I must admit, this was a new one on me, about which I know nothing although based on a film...which came out in 2006, so there you go. And not the most promising of titles, although perhaps shorthand for 'Once upon a Time', being on a par with a fairy tale of the rags to every possibility of riches kind. After all, just look at Gerry Cinnamon, who still sings as if he can't believe his luck. This is certainly an intriguing take on the same old, same old: boy meets girl, boy fixes girl's hoover...girl fixes boy. Because in Dublin's fair city, this Girl is so pretty, and pretty smart, too. The Boy is a busker, so disillusioned about life, the Universe and everything, especially True Love, he's about to give it all up when she meets him. Enthralled by his songs, she persuades him to keep going, and to aim high: make a demo and try his fortune in New York. What is particularly intriguing is the way the plot constantly takes unexpected turns and keeps you guessing.

The understated love story, filled with wistfulness and unspoken wishes, is all the more effective for being played out against a background of infectiously uproarious music. Right from the beginning, you are welcomed in, the stage full of incredibly talented musicians cum actors, all apparently having the time of their lives, making sure you feel right at home enjoying the crack and a ceilidh in a lovingly crafted pub which could have come straight out of Temple Bar. Props are gaily wheeled on and off: the piano for Barry's shop, tables for the Girl's home and the bank manager's office etc. Even the ceiling takes lift off for exterior scenes. The songs meanwhile cover the whole range from the Girl's solos and the cast singing a cappella, all so haunting, to rousing, stomping ensemble pieces. All the same, nothing really sends you home humming, and unfortunately, some seemed quite similar, starting out as ballads sung by the Boy, building up to a crescendo until everybody pours in, singing and playing their heart out.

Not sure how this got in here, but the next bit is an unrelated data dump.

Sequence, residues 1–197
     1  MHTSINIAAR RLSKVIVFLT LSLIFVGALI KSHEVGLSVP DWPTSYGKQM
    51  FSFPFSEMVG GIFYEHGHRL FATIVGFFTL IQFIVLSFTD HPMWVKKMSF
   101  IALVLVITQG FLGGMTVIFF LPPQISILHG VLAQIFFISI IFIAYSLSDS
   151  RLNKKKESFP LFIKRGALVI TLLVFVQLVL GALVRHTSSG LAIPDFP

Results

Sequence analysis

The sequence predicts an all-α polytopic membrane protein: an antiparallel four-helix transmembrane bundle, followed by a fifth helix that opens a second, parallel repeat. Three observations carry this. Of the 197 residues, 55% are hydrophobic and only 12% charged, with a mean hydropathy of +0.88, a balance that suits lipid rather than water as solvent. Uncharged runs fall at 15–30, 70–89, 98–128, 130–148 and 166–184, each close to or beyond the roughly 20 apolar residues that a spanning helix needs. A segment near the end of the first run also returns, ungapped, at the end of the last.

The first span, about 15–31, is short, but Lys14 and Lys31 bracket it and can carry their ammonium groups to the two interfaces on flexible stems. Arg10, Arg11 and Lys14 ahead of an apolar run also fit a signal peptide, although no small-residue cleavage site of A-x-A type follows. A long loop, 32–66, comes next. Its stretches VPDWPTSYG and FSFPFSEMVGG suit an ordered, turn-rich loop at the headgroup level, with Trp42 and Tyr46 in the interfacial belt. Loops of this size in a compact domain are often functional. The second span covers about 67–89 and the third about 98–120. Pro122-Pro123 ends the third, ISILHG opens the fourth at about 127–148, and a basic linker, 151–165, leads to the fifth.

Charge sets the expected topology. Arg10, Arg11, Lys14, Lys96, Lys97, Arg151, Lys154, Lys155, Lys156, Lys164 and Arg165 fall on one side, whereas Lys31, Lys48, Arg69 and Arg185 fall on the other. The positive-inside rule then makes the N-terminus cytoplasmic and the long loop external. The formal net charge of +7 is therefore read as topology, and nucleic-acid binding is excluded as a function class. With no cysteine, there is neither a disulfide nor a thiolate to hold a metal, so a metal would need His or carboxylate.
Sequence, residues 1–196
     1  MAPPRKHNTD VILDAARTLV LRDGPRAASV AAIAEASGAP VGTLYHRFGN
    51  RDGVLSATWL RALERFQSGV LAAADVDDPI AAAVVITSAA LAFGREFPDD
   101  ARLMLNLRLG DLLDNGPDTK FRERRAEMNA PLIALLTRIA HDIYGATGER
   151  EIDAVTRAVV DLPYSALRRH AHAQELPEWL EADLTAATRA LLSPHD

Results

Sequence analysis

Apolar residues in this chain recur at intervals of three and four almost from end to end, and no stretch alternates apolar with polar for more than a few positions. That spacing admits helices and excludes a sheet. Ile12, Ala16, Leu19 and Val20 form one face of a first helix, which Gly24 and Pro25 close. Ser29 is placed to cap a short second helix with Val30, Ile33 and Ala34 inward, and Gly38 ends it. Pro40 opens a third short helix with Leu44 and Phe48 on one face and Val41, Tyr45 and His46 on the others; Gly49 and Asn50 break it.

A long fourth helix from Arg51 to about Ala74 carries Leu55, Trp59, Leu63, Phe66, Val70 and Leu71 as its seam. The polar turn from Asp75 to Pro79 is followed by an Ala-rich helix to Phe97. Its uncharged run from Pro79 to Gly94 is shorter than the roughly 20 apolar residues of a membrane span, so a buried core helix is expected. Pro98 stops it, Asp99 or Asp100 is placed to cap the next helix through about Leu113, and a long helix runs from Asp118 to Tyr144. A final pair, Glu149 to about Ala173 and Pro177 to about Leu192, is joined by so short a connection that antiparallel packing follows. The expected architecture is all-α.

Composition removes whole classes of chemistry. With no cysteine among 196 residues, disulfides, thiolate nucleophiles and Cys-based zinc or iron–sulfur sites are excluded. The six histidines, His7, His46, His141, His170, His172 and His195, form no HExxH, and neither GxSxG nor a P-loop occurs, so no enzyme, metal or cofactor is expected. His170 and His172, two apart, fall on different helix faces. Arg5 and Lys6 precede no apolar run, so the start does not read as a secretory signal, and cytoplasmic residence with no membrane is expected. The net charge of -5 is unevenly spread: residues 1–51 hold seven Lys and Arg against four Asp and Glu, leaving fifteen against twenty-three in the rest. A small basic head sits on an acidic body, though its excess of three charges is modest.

However, the acting is pretty near faultless with a lovely turn from Daniel Healy, evolving from sad loser to hopeful wannabee, although he perhaps does not evoke as much affection as the ebullient, resilient Girl, beautifully played by Emma Lucia. In particular because she is delightfully funny, and stays on the right side of cute; quirky characters run the risk of becoming purely annoying. Dan Bottomly's Billy, for example, the Girl's boss, is a bit over the top at times but by and large, both touching and comical. As for Samuel Martin, he polishes off a neat little cameo as a frustrated singer songwriter turned bank manager. Other small roles which have quite a big impact include the Girl's house-mates: Ellen Chivers as Reza and Lloyd Gorman as Svec. Then we have Susannah van den Berg who manages to make something interesting out of the Girl's rather stereotypical mother, and while I think we are led to believe early on that the Boy's Da is something of a tyrant, and if so, maybe a missed opportunity there, Peter Peverley seems sweet and understanding – and by contrast, extremely lively in his other roles.

Rapturously received by the audience, this charming show created a memorable buzz, a remarkable atmosphere. At a time when there is, literally, a band wagon when it comes to this theatre genre (Queen, Madness, ad nauseam sometimes) a musical about music is refreshingly original. And one which celebrates music with such richness and style is definitely a hit, one you really mustn't miss.

Until the 25th January 2020: https://www.atgtickets.com/shows/once/liverpool-empire/

Reviewer: Carole Baldock

Reviewed: 20th January 2020

North West End UK Rating: ★★★★